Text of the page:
Alzheimer’s disease is a chronic brain disease that gradually erodes an individual’s memory, intellectual abilities and personality.
During the early stages, the most obvious symptom is an inability to learn and remember new information.
In advanced stages, the ability to think, speak or perform such basic tasks as getting dressed or eating is severely impaired. The time between diagnosis and death typically ranges from seven to 10 years.
Adapted from the Encyclopedia of Psychology
What You Can Do
Protect your brain as you age
Research suggests that life-long learning, exercise and other strategies can help.
Enhance your memory
Alzheimer's disease can leave people struggling with basic tasks. But some strategies can help you or a loved one compensate for mild memory loss.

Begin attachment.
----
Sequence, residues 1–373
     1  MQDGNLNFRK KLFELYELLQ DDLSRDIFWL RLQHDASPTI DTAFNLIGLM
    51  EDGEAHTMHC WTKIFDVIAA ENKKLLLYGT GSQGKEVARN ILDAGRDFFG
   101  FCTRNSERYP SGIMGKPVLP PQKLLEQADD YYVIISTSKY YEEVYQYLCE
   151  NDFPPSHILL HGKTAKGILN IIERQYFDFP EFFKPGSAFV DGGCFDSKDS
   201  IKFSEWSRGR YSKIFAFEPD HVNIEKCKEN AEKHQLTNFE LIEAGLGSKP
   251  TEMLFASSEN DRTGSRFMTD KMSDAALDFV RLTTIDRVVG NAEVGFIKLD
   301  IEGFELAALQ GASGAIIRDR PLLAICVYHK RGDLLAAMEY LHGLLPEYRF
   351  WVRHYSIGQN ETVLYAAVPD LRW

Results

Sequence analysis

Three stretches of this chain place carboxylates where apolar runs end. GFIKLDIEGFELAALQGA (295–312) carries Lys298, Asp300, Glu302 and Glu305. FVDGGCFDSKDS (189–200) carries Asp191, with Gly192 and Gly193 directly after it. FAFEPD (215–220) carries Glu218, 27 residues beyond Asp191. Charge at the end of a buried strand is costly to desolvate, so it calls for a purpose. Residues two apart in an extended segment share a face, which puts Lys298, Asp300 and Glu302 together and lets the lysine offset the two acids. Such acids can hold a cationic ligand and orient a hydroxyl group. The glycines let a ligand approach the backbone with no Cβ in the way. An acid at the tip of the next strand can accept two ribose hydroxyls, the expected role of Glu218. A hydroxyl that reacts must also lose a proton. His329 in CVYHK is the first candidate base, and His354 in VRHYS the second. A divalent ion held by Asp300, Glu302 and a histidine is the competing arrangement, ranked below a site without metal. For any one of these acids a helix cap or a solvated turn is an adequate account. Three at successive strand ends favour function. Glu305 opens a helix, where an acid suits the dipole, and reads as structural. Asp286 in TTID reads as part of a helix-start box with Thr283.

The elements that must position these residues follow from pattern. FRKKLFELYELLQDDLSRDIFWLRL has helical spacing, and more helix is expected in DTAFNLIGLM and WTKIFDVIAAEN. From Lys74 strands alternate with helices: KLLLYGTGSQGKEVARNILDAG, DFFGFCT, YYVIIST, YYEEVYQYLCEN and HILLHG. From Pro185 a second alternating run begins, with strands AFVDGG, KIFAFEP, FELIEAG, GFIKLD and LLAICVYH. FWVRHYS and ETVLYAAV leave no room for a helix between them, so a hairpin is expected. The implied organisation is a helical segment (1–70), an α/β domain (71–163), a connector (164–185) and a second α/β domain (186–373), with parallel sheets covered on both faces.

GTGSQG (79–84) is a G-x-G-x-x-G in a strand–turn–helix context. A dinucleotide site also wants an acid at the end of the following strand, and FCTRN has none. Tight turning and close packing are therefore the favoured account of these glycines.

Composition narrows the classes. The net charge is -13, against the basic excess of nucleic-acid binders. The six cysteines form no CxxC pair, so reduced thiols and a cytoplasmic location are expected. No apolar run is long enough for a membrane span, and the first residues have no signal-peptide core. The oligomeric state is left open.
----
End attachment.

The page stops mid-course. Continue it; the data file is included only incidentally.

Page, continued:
Aging: When should I be concerned about a senior’s forgetfulness?
Adults dealing with aging parents face many challenges. Find answers to your frequently asked questions.
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August 25, 2014, CNN
Vitamin D tied to Alzheimer's risk
August 14, 2014, The New York Times
Tactic in Alzheimer's fight may be safe
August 11, 2014, The New York Times
Small changes, and hopes, for preventing dementia
July 15, 2014, The New York Times
Sleep disorders may raise the risk of Alzheimer's
July 14, 2014, The Washington Post
Monitor on Psychology Articles
Living with — not dying from — Alzheimer’s
The pre-Alzheimer's brain
Could Alzheimer's disease be a kind of diet-induced diabetes?
Protecting your aging brain
APA Offices and Programs
Office on Aging
The Office on Aging is a coordination point for APA activities pertaining to aging and geropsychology (the field within psychology devoted to older adult issues). The Office on Aging also supports the work of the APA Committee on Aging.